Inevitably, people began to question the reliability of the entire system. Further, as weather services began spreading across the country officials realized that forecasts were reaching only a fraction of the population. For example southern British Columbia had a weather service in 1894 while Manitoba’s service began in 1899. The service in Saskatchewan and Alberta started up in 1903 and in Newfoundland in 1910.
Wireless radio breakthrough
In the 1920s all that changed with the technological breakthrough of the wireless radio. Like the telegraph 70 years earlier, the radio revolutionized the way weather was delivered to Canadians. Information could be gathered from hundreds of remote weather stations across the country and transmitted to isolated logging camps, island communities and even ships sat sear. By the mid-1930s, news and the daily national weather forecasts were a central component of radio broadcasts.
In the 1930s, weather forecasts for all of Canada except southern British Columbia were issued twice daily by a staff of four meteorologists at 9:40 a.m. and 9:40 p.m. The forecasts were based on data from about 217 stations across North America and were for the ensuing 36 to 48 hours, and occasionally for as long as 60 hours.
Forecasts were distributed as widely as possible through traditional means, the daily press and the posting of daily weather maps and bulletins on public buildings as well as by telephone, government wireless and radio broadcasting stations. In 1935, the weather service provided a daily national weather synopsis and forecast for the 10:35 p.m. Eastern Standard Time broadcasts of the Canadian Radio Commission’s Trans-Canada network, the predecessor of the CBC.
During the Second World War, Canadian and American government officials banned broadcasting and publishing public weather information over North America. Officials did permit some local weather radio broadcasts and weather maps in newspapers. But for security reasons, no mention could be made of the fog, visibility, air pressure, wind direction and cloud height.
Even baseball announcers were prohibited from commenting on the weather. One announcer was reputed to have told his audience during a rain delay, “stick you head out the window if you don’t understand the reason for suspension of play.”
Following the war, radio (because reports could be updated so quickly throughout the day) became the natural avenue for disseminating weather information. This continues today as frequent weather broadcasts are made every day on hundreds of AM or FM radio stations.
There is another type of radio we are likely to find aboard a combine on a Saskatchewan wheat farm, in a lobster boat off the coast of Nova Scotia or in the lodge of a Northern Ontario fishing camp - Weatheradio. This is Environment Canada’s network of low-power VHF-FM radio stations which began transmitting a continuous stream of weather reports in 1976.
The service, which is available to over 90 per cent of the population, provides taped messages of weather watches and warnings, public and marine forecasts, and current weather forecasts. Routinely revised programs run on a cycle of five to 10 minutes in length. Weatheradio receivers are portable, inexpensive and available from many electronic retailers in Canada. In addition, some receivers are equipped with a tone signal and or a flashing light to alert users of warning of severe weather.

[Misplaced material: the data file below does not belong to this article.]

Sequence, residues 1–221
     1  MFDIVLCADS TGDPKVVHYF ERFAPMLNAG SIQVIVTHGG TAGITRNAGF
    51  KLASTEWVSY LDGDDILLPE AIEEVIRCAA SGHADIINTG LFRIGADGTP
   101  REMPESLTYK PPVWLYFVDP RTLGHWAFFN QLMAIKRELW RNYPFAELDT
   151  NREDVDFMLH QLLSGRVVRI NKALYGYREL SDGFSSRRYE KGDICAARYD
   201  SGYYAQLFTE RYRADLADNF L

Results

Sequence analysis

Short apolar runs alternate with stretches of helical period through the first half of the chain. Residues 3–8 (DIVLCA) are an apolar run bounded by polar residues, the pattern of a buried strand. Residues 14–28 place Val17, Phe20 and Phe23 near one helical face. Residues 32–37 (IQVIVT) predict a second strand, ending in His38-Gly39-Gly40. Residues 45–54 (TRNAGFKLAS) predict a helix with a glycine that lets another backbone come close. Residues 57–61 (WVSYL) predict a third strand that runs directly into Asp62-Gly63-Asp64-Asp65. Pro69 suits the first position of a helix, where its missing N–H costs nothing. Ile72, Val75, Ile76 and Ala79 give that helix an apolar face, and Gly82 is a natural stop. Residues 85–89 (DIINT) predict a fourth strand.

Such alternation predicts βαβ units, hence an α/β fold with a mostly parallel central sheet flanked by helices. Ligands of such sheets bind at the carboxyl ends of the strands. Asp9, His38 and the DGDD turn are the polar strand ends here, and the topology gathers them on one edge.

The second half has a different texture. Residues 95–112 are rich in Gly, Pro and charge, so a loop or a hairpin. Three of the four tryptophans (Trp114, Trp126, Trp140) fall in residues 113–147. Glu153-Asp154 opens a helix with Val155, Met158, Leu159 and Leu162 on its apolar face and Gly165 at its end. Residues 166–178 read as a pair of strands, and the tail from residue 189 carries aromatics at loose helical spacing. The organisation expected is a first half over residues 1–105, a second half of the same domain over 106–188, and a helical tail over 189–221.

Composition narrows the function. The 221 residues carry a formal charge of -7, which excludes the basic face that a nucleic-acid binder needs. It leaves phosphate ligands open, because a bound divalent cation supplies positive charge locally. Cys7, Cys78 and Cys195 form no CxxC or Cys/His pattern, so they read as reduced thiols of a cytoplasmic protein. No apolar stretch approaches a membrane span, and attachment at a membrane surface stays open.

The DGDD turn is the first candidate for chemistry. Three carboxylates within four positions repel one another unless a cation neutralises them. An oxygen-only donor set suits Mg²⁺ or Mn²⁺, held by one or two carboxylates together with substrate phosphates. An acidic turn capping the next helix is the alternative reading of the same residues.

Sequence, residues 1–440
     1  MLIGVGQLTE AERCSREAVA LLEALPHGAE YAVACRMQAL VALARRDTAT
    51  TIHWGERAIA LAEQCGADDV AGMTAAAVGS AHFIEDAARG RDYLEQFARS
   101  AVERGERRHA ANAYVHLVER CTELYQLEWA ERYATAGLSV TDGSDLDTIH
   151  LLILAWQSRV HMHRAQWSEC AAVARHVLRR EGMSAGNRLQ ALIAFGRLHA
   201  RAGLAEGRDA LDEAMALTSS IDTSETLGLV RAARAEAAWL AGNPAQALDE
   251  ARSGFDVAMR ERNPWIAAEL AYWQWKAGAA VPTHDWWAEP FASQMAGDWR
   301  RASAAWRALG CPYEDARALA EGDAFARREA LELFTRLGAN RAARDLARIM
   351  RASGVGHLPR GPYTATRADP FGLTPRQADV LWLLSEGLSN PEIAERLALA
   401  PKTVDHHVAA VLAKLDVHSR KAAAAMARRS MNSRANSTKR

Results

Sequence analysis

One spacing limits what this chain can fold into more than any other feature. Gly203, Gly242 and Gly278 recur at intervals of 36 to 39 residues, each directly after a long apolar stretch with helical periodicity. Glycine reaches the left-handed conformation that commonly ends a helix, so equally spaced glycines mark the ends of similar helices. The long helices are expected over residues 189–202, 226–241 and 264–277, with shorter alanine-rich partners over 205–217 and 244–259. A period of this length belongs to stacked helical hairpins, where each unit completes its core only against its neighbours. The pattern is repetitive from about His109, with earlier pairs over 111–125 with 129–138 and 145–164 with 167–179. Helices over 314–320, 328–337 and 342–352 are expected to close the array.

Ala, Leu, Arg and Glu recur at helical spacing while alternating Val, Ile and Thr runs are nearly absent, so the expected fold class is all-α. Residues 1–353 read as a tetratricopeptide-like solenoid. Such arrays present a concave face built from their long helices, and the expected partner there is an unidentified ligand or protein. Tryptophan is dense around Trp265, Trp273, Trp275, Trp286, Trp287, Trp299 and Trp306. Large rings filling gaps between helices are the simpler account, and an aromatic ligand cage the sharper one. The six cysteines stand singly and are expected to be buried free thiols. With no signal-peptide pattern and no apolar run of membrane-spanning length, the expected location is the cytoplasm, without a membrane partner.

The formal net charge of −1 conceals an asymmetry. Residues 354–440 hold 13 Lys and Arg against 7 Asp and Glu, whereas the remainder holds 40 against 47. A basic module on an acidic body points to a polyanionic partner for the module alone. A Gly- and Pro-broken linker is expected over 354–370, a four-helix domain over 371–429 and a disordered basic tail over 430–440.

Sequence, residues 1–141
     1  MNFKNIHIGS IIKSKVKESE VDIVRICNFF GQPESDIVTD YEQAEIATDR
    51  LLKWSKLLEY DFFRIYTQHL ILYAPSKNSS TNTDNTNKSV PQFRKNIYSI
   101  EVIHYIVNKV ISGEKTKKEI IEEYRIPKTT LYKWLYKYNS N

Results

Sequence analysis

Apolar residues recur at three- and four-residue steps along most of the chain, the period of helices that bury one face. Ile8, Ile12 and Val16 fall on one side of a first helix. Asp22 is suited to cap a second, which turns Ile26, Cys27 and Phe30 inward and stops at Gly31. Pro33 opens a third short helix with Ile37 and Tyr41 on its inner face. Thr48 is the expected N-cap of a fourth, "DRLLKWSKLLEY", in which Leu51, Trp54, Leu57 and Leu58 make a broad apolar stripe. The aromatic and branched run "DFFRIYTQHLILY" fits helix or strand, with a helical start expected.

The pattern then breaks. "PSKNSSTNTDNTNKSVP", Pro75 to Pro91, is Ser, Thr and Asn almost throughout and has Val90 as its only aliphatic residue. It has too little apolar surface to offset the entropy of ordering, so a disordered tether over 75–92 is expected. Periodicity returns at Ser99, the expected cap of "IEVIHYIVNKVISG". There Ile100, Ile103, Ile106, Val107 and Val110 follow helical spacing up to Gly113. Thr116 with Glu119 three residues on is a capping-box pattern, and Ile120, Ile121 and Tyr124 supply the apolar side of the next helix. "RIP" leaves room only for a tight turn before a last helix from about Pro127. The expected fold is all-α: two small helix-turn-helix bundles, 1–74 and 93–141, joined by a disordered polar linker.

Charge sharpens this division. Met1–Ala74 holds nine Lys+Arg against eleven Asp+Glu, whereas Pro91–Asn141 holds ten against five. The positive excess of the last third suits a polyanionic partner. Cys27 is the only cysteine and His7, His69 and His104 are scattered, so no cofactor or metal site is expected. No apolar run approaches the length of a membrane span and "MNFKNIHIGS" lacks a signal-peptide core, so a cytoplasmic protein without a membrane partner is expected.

Televised weather casts have remained the most popular and effective way of dissemination information about the weather ever since they made their Canadian debut on September 8, 1952 on CBLT-TV in Toronto. In the early days, broadcasters used grease pencils and puppets as props. Today, most weather segments are illustrated with radar images and computer animation.
In 1988, The Weather Network and its French language equivalent, MétéoMedia, became Canada’s only channels dedicated to broadcasting weather news, two of just a small number of networks in the world to do so.
Despite this vestiges of the old systems remain, only they’ve been updated and given a modern sheen. Where telephone operators in farming communities in the year 1900 read morning forecasts to dozens of local residents, Canadians today are much more likely to go online to get their weather. In fact, Environment Canada’s Weatheroffice website averages over half a billion individual visits to our comprehensive weather website each year.
Weather.gc.ca gives anyone in the world instant access to the latest weather forecasts from across Canada: current forecasts, extended outlooks to seven days, the UV index, and also the Air Quality Health Index (AQHI).
With the increased speed of microprocessors, weather enthusiasts can now marshal the same specific tools as practising meteorologists. Using a laptop, farmers or boat captains living in Cape Breton can download the latest radar and satellite images from weather services around the world. They can watch as a hurricane is born in the mid-Atlantic and follow its progress as it spirals up the east coast of the United States. And they can well informed decisions about where to hunker down and wait out the gale or pack up and dash for the safety of higher ground.